England and Wales prepare for American XL bully dog ban

American XL bully dogs will be added to the list of banned breeds in England and Wales beginning December 31. It will become illegal to breed, sell, advertise, exchange, gift, rehome, abandon or allow to stray XL bully dogs in either country. The dogs will have to be kept on a leash and be muzzled in public. Owners who wish to keep their dogs will have until the end of January to register them. Beginning February 1, 2024, it will become illegal to own an XL bully dog if it isn’t registered on the index of exempted dogs, and the animals will be subject to restrictions, including having to be microchipped and neutered. Owners who fail to comply could face a criminal record and an unlimited fine, and their dog could be seized, The Guardian reports.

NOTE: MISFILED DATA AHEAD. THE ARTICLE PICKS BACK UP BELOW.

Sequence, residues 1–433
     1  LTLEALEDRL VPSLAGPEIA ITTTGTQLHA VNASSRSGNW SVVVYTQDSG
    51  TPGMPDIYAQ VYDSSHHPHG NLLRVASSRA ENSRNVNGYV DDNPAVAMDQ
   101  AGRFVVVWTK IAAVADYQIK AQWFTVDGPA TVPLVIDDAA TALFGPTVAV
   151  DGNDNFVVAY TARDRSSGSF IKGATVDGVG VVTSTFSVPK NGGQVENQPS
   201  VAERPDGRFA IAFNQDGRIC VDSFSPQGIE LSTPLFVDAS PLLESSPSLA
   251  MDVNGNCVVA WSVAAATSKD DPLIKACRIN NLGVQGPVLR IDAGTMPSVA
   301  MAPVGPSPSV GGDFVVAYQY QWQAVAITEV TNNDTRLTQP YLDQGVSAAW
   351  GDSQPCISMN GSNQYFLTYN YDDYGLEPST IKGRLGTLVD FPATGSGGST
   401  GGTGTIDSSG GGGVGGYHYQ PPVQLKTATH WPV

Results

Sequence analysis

Rabbit hemorrhagic disease vaccine gets conditional USDA approval

Medgene, an animal health company that produces highly targeted platform vaccines, has been granted a Conditional Use License by the USDA’s Center for Veterinary Biologics to further manufacture and distribute its vaccine targeted at rabbit hemorrhagic disease, or RHDV2. Once contracted, RHDV2 is usually fatal and affects wild and domestic rabbit populations. RHDV2’s virulence and rapid spread prompted the USDA-CVB to grant Medgene’s vaccine emergency use authorization following successful testing for reasonable expectation of safety and efficacy in 2021. Additional tests further measuring the vaccine’s safety, efficacy and duration of immunity have continued, according to the company’s announcement.